The Old East Indiamen, by E Keble Chatterton
The Old East Indiamen
by E Keble Chatterton
Over the span of two and a half centuries the East India Company rose from being a private venture of a few enterprising merchants to become a gigantic corporation of immense political power, with its own governors, cavalry, artillery, infantry, navy and its trade monopoly with its unsurpassed ‘regular service’ of merchantmen. The latter were the largest, the best built and the most powerfully armed vessels in the world with the exception only of some warships. The East Indiaman was spoken of with just as much respect as a man-of-war. She was built and maintained regardless of cost and no other merchantmen could rival her for her strength, beauty and equipment. It was a golden age, a glorious age, an epoch in which British seamanship and ship building in wood were capable of being improved upon only by the clipper ships that followed for a brief interval. Their officers were the finest navigators afloat. The conditions under which the crew voyaged were hard and ever expectant of a fight, the ships ere run practically in navy fashion. they were heavily armed with guns and we read of more than one instance where these ships were far too much for a French Admiral and his squadron.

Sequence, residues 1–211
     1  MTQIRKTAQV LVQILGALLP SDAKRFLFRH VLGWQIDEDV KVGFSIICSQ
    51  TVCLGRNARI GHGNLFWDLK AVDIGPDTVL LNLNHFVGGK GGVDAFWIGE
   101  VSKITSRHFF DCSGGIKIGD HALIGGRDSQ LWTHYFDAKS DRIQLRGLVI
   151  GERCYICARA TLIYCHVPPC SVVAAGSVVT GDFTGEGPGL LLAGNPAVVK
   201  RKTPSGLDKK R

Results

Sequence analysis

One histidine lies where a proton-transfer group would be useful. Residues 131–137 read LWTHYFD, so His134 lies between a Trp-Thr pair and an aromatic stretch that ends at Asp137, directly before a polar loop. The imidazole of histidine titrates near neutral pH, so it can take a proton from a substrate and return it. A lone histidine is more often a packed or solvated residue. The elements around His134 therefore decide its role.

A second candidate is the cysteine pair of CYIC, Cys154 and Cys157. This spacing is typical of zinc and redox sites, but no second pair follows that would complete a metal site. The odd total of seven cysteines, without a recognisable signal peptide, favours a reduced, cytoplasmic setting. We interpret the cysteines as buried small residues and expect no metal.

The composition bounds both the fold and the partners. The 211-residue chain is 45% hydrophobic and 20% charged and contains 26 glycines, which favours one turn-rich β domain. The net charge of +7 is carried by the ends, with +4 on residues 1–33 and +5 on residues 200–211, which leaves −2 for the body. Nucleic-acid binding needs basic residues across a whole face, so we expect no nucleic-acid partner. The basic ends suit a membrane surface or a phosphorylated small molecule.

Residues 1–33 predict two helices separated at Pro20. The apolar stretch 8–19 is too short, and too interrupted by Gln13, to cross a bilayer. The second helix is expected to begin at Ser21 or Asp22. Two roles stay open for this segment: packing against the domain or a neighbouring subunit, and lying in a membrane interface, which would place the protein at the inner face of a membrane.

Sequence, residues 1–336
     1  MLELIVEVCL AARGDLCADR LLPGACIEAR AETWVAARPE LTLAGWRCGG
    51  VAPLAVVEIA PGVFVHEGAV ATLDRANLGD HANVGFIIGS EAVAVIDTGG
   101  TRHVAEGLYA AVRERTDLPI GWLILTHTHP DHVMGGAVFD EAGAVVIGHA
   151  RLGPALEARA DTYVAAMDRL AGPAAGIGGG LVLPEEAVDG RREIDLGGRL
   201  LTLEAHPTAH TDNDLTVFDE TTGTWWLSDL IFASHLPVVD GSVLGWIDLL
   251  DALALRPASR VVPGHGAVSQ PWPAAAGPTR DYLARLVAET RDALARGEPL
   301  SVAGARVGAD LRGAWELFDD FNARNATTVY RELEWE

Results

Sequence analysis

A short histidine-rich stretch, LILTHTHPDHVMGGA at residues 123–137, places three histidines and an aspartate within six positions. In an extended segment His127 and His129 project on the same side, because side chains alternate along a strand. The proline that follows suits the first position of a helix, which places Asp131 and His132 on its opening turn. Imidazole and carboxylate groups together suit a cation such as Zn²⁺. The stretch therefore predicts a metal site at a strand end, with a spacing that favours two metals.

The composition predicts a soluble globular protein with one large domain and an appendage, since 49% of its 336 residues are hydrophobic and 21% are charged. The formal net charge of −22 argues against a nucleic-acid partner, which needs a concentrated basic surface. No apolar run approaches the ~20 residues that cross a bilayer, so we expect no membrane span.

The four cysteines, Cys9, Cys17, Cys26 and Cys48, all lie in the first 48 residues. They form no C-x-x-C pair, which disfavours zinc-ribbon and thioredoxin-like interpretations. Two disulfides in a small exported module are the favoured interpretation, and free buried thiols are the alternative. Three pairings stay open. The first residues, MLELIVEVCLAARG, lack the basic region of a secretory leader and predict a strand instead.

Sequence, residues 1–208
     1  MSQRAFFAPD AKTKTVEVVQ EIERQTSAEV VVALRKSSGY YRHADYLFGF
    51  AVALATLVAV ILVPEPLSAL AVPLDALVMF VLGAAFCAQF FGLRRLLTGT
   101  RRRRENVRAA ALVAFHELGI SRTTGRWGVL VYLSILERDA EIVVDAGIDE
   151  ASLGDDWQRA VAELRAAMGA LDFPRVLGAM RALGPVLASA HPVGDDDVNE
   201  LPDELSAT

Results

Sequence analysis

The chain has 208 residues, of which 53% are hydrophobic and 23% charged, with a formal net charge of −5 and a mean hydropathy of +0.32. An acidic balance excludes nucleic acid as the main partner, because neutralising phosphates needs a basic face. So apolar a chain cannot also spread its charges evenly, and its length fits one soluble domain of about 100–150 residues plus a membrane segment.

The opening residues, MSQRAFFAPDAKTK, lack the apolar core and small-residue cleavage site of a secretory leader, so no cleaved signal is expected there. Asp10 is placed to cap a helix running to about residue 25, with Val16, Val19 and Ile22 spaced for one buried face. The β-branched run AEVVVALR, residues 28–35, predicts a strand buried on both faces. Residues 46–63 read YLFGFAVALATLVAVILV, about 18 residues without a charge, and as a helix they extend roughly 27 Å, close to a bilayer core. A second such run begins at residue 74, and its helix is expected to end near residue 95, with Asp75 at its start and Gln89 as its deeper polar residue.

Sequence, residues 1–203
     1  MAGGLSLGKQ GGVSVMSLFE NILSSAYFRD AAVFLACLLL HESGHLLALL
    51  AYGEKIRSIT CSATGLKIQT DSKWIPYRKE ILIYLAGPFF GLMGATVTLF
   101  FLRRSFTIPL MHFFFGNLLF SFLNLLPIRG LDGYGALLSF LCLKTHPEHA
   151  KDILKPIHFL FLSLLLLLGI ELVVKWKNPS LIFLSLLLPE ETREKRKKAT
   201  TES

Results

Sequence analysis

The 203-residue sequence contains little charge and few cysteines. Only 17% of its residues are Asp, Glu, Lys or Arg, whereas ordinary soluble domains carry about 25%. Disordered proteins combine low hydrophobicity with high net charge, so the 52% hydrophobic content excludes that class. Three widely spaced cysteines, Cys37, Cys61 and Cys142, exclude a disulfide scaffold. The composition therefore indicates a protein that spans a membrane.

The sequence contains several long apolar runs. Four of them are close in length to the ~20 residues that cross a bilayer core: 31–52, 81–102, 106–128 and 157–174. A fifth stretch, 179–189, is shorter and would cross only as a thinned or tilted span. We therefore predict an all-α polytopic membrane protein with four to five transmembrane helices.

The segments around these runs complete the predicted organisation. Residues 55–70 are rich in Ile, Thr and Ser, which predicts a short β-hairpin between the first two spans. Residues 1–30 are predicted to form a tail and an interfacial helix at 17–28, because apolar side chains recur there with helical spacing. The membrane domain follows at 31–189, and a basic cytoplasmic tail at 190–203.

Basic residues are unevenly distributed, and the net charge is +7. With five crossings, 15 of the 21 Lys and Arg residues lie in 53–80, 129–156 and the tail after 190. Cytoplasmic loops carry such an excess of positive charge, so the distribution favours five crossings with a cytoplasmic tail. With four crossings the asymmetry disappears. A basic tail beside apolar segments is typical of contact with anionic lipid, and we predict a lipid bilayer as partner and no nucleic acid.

Hardback with protective cellophane cover. Fair condition.
Small marks/scuffs to front end paper. Mottling to outside of bottom edges of the pages. Inside pages in good condition.
308 pages. 14 pages of black and white photographs.
150 mm x 222 mm (approx. 6 in x 8.75 in)
1971, Conway Maritime Press, UK
1 in stock
|Dimensions||31 × 14 × 5 cm|